Most Nepalis do not need to set aside a year to 'celebrate' the importance of rice-it's already their staple diet. Indeed, rice is the main food for more than half of humanity. Archaeological evidence from central Thailand shows that human beings have cultivated rice for the past 6,000 years.
In Nepal, rice fields make up 325,000 hectares, accounting for most of the country's total cultivated land area. Nepal's Jumli marshi dhan is a cold tolerant variety that is the world's highest-growing rice-cultivated at altitudes of nearly 3,000 metres.
We will hear a lot about rice in 2004. But for us in Nepal it is important to look at the places from where this resource was taken and locally developed by farmers over centuries. The last of our wild wetlands still hosts this diversity. Wild rice species occur in the Himalayan foothills, Asian river deltas, Caribbean islands, Amazon River basin and inland swamplands of southern and western Africa. Although rice is found mostly in tropical areas, the existence of one species (Oryza rufipogon) in Pokhara and surrounding the Bulbule Lake area of Surkhet is the highest latitude of wild rice growth reported in the world.
In Nepal, various species of wild rice are found in the plains, the Pokhara valley, Kamalpokhari in Palpa, Bulbule lake area in Surkhet, Kapilvastu, Nepalganj, the Lothar forest of Chitwan, the Kankai Irrigation Headwork area of Jhapa, the Sundarpur Agricultural Farm area of Kanchanpur and Nijgadh in Bara. Many of these wetland sites, important habitats of wild rice, are being degraded because of encroachment for conversion into rice fields, fishponds, extended settlements and sedimentation.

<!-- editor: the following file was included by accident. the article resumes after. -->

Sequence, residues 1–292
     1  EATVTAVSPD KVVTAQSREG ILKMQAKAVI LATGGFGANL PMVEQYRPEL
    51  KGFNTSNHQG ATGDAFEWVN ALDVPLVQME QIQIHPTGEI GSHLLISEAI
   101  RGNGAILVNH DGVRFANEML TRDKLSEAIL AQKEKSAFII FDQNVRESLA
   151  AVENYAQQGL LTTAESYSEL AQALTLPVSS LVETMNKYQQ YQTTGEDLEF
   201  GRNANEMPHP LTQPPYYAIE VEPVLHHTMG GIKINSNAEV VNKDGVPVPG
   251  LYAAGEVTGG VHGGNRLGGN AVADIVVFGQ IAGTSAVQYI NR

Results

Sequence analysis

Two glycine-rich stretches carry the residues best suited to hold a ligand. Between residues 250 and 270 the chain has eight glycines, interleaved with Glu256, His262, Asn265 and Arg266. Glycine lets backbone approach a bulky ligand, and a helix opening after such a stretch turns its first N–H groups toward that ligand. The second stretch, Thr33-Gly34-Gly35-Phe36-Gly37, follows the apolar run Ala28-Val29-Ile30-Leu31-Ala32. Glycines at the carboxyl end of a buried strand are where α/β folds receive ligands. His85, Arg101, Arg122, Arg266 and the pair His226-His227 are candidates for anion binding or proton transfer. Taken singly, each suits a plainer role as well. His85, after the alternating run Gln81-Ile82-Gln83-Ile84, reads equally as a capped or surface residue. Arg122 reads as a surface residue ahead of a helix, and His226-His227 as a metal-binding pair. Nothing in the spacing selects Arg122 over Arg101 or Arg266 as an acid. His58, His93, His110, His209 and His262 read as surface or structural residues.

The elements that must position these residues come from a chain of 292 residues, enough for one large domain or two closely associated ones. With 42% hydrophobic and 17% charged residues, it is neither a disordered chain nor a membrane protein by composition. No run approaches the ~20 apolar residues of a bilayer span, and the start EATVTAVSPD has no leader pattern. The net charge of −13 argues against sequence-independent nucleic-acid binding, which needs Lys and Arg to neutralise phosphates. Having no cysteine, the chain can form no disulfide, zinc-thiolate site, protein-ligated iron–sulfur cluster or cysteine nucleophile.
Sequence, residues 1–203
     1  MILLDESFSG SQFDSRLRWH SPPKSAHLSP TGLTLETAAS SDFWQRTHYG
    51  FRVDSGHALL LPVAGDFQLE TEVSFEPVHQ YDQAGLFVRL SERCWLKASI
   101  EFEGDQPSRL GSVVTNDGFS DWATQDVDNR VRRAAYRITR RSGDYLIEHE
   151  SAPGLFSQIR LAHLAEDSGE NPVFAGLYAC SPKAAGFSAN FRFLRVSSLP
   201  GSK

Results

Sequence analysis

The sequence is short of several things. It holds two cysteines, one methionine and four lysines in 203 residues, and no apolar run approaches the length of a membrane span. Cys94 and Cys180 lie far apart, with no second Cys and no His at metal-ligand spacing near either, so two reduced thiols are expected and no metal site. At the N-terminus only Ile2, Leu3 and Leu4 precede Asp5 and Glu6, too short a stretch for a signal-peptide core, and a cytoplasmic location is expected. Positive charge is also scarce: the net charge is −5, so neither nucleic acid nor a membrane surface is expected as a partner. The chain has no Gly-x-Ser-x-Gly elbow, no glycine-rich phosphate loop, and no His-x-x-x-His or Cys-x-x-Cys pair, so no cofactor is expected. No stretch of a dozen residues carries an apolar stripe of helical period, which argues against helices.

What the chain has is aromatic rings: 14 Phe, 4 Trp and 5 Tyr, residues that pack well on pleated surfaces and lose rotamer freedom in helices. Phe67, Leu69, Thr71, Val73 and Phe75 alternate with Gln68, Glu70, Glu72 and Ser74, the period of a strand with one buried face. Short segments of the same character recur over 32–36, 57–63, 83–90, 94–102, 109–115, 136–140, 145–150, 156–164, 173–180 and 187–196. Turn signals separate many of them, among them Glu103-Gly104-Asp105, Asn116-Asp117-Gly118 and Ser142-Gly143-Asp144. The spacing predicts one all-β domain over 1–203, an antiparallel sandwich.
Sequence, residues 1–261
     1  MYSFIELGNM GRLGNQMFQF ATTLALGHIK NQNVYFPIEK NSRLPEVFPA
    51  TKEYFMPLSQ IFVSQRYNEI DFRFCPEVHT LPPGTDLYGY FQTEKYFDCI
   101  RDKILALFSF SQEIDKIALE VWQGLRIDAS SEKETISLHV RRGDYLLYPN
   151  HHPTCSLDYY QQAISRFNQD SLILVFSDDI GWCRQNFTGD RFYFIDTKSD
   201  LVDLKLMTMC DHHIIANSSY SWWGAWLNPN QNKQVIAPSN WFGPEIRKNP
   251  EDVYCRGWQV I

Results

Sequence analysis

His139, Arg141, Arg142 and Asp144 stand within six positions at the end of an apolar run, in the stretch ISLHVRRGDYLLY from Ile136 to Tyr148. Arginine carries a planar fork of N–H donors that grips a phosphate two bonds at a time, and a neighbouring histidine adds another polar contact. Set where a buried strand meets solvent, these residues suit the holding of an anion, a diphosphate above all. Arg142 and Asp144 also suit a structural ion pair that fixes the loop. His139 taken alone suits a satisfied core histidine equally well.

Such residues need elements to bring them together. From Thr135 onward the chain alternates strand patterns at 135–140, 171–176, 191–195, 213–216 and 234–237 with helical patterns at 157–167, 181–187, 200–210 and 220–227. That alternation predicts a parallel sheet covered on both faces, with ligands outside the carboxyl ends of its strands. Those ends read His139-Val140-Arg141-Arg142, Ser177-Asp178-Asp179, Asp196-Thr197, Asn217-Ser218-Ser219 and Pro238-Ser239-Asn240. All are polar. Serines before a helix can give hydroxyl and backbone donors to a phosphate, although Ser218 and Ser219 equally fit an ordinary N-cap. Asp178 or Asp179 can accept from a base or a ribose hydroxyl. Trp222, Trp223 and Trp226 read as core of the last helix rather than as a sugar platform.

Although local communities use wild rice during religious and cultural occasions, they are not fully aware of the value of these wetland genetic resources and often consider it a weed. Government policy has also not given enough importance to the conservation of wild rice, and these habitats may soon be lost forever.
Nepal has four species of wild rice of which one is an upland species and the others are mostly found in tarai wetlands. A weedy wild rice sometimes occurs in tarai wetlands mixed with cultivated rice. The wild relatives of rice grown are important because they contain the original genetic material of cultivated rice. Although it is fit for human consumption, it is not cultivated because harvesting is tedious. Wild rice is usually harvested for cattle feed.
Every year from October-December, the people around Ajingara Lake in Kapilbastu tie cloth and plastic bags on wild rice plants to collect their seeds called tinna/tinni rice that are eaten during the Chhat festival and fasts like ekadashi. In the Lumbini area, wild rice (O rufipogon) has been culturally associated with the tarai ethnic communities.
In Nepal, farmers have developed and grown more than 95 local aromatic and fine rice varieties. Kaski district alone used to have more than 75 local varieties. Today only 11 varieties are widely grown. The remaining are being replaced or discontinued because of modern, higher yielding 'improved' seeds. Farmers in Kosi Tappu Wildlife Reserve used to cultivate multiple varieties of rice to reduce crop depredation and damage from wild animals. These varieties have now been replaced with modern ones.
Despite the potential of wild rice, little has been done to study its significant traits and breeding habits. The government seems more interested in importing new modern hybrid seeds than conserving native wild rice species.
To protect Nepal's wild rice and its genetic resource for posterity, we need to protect our wetlands where they grow.